our thyroid. Yet, without a blood supply, most of these cancers will
never become dangerous. Dr. Judah Folkman, who was my mentor
and who was the pioneer of the angiogenesis field, once called this
"cancer without disease."
So the body's ability to balance angiogenesis, when it's working
properly, prevents blood vessels from feeding cancers. And this
turns out to be one of our most important defense mechanisms
against cancer. In fact, if you actually block angiogenesis and
prevent blood vessels from ever reaching cancer cells, tumors
simply can't grow up. But once angiogenesis occurs, cancers can
grow exponentially. And this is actually how a cancer goes from
being harmless to deadly. Cancer cells mutate and they gain the
ability to release lots of those angiogenic factors, natural fertilizer,
that tip the balance in favor of blood vessels invading the cancer.
And once those vessels invade the cancer, it can expand, it can
invade local tissues. And the same vessels that are feeding tumors
allow cancer cells to exit into the circulation as metastases. And,
unfortunately, this late stage of cancer is the one at which it's most
likely to be diagnosed, when angiogenesis is already turned on and
cancer cells are growing like wild.
So, if angiogenesis is a tipping point between a harmless cancer and
a harmful one, then one major part of the angiogenesis revolution
is a new approach to treating cancer by cutting off the blood
supply. We call this antiangiogenic therapy, and it's completely
different from chemotherapy because it selectively aims at the
blood vessels that are feeding the cancers. And we can do this
because tumor blood vessels are unlike normal, healthy vessels we
see in other places of the body: They're abnormal; they're very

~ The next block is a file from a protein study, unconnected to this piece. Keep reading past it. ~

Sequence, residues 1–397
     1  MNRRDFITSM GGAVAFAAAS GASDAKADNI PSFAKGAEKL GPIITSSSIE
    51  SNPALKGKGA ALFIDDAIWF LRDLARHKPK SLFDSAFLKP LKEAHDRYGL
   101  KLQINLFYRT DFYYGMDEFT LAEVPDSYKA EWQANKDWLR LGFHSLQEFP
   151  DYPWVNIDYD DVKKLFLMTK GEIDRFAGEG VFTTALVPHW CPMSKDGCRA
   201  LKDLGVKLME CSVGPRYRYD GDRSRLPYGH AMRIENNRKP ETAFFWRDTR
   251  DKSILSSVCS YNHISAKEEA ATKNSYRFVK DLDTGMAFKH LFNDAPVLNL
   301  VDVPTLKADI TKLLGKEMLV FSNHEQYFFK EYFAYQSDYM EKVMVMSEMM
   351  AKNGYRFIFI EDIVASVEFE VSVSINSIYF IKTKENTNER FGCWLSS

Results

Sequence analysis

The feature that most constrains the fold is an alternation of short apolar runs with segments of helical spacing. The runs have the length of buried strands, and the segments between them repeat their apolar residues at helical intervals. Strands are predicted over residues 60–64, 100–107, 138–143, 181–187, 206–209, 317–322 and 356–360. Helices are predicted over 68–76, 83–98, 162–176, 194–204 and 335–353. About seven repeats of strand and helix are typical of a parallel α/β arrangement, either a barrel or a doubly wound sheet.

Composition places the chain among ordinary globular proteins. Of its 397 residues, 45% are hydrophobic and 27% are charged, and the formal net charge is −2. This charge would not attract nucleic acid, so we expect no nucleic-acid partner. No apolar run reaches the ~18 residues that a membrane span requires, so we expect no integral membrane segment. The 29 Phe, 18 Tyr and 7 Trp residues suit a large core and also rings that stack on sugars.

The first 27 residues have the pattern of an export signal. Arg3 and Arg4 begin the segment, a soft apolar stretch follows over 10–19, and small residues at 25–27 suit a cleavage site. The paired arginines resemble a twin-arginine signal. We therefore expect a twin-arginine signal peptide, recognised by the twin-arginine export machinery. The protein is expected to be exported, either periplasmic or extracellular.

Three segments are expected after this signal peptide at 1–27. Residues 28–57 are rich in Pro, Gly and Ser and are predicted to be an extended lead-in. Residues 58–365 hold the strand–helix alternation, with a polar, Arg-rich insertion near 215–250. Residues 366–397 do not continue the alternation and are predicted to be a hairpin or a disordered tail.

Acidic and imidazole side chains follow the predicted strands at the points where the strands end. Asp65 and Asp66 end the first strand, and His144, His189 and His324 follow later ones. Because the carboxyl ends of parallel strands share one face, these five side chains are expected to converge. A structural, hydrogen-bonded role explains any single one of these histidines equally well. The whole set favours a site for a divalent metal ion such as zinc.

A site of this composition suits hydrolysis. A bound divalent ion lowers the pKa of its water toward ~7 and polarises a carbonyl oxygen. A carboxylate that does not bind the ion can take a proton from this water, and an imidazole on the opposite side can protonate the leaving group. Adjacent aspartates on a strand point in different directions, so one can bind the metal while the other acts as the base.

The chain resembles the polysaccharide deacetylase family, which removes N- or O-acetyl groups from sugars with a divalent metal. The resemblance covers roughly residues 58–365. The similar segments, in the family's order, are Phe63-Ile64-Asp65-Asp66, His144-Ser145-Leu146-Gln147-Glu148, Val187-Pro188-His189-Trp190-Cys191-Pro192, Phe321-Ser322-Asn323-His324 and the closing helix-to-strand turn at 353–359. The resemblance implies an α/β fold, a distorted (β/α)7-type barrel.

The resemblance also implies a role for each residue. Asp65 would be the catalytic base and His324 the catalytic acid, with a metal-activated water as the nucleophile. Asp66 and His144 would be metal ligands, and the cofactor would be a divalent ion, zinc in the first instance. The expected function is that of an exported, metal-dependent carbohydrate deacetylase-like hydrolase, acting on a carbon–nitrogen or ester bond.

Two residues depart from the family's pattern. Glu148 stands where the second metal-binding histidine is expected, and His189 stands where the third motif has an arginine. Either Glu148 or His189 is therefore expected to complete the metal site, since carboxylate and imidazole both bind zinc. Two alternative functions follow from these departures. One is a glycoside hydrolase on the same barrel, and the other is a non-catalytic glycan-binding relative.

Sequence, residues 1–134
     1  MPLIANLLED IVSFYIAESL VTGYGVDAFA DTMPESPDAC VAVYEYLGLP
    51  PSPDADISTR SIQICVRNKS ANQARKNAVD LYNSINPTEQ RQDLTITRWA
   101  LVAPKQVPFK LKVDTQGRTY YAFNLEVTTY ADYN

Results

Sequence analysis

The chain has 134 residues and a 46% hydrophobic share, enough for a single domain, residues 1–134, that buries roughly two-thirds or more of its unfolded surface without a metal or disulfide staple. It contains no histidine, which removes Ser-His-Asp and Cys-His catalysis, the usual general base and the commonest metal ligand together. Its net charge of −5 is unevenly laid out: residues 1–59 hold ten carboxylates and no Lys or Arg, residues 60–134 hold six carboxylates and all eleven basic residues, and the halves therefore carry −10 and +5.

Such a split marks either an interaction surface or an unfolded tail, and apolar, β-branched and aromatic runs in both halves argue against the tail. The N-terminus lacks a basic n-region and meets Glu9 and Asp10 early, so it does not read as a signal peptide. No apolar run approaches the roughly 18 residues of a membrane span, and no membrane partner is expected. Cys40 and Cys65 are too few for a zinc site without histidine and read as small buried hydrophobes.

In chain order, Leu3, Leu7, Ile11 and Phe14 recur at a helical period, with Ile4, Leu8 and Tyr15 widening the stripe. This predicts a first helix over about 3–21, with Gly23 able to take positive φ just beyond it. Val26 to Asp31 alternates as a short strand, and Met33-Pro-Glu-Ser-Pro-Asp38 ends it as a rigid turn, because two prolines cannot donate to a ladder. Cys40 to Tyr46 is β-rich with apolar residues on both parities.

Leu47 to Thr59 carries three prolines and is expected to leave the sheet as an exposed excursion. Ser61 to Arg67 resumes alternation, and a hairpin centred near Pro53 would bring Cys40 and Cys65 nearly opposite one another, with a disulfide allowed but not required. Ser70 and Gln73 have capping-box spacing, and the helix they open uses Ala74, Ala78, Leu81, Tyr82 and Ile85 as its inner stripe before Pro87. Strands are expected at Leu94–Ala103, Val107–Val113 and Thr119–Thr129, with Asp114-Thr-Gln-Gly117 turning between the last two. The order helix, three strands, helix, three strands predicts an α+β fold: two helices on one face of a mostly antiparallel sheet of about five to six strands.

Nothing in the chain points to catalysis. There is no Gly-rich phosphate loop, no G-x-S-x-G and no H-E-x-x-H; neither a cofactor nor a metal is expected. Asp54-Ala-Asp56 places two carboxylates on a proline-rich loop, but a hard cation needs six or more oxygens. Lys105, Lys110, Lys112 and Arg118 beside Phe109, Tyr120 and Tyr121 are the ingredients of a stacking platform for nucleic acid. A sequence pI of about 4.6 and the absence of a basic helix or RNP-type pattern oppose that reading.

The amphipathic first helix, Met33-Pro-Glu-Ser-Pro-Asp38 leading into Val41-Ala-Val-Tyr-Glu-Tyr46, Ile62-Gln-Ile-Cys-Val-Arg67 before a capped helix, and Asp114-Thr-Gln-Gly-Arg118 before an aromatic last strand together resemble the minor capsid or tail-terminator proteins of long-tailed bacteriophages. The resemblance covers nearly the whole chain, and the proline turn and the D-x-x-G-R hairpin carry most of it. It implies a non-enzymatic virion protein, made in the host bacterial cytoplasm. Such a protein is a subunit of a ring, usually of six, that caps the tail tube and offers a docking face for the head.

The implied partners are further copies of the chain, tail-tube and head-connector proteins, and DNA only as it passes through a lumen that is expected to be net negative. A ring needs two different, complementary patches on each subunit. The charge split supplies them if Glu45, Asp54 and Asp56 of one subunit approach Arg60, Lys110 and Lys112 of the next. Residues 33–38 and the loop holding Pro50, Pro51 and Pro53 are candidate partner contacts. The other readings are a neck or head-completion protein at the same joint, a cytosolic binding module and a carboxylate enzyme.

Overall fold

poorly constructed; and, because of that, they're highly vulnerable
to treatments that target them. In effect, when we give cancer
patients antiangiogenic therapy -- here, an experimental drug for a
glioma, which is a type of brain tumor -- you can see that there are
dramatic changes that occur when the tumor is being starved.
Here's a woman with a breast cancer being treated with the
antiangiogenic drug called Avastin, which is FDA approved. And you
can see that the halo of blood flow disappears after treatment.
Well, I've just shown you two very different types of cancer that both
responded to antiangiogenic therapy. So, a few years ago, I asked
myself, "Can we take this one step further and treat other cancers,
even in other species?" So here is a nine year-old boxer named Milo
who had a very aggressive tumor called a malignant neurofibroma
growing on his shoulder. It invaded into his lungs. His veterinarian
only gave him three months to live. So we created a cocktail of
antiangiogenic drugs that could be mixed into his dog food as well
as an antiangiogenic cream that could be applied on the surface of
the tumor. And within a few weeks of treatment, we were able to
slow down that cancer's growth such that we were ultimately able to
extend milo's survival to six times what the veterinarian had initially
predicted, all with a very good quality of life.
And we subsequently treated more than 600 dogs. We have about a
60 percent response rate and improved survival for these pets that
were about to be euthanized. So let me show you a couple of even
more interesting examples. This is 20-year-old dolphin living in
Florida, and she had these lesions in her mouth that, over the
course of three years, developed into invasive squamous cell
cancers. So we created an antiangiogenic paste. We had it painted
on top of the cancer three times a week. And over the course of
seven months, the cancers completely disappeared, and the
biopsies came back as normal.
Here's a cancer growing on the lip of a Wuarter horse named
Guinness. It's a very, very deadly type of cancer called an
angiosarcoma. It had already spread to his lymph nodes, so we used
an antiangiogenic skin cream for the lip and an oral cocktail, so we
could treat from the inside as well as the outside. And over the
course of six months, he experienced a complete remission. And
here he is six years later, Guinness, with his very happy owner.
Now, obviously, antiangiogenic therapy could be used for a wide
range of cancers. And, in fact, the first pioneering treatments for
people, as well as dogs, are already becoming available. There's 12
different drugs, 11 different cancer types. But the real question is:
How well do these work in practice? So here's actually the patient
survival data from eight different types of cancer. The bars
represent survival time taken from the era in which there was only